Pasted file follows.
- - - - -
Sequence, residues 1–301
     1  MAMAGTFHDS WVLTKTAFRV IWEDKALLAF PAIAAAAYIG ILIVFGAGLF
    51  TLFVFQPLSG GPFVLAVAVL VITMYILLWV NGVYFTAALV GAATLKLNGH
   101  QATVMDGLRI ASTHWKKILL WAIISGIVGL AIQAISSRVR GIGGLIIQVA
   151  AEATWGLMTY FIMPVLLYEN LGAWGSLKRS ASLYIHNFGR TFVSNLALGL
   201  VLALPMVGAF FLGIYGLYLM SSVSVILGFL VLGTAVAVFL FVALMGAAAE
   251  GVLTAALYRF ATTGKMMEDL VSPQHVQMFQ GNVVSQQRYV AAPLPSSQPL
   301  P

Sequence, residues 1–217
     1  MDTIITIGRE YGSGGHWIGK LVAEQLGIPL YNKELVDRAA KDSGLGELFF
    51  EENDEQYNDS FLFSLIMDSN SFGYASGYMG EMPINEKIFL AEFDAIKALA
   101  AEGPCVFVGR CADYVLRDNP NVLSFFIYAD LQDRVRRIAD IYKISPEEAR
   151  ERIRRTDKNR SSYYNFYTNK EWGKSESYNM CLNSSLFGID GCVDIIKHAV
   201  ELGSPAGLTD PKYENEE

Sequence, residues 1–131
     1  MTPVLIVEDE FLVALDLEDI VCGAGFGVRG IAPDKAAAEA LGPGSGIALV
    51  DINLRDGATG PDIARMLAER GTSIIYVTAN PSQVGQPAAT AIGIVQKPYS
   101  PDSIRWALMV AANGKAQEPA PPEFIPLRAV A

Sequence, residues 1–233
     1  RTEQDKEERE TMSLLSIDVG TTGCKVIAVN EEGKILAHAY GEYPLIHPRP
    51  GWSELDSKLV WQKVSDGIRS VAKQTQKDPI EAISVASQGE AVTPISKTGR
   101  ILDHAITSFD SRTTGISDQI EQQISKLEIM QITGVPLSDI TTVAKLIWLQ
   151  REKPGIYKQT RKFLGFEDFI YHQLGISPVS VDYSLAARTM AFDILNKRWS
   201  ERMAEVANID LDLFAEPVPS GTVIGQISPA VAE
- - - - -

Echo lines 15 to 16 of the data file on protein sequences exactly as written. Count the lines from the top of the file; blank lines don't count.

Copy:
Sequence, residues 1–131
     1  MTPVLIVEDE FLVALDLEDI VCGAGFGVRG IAPDKAAAEA LGPGSGIALV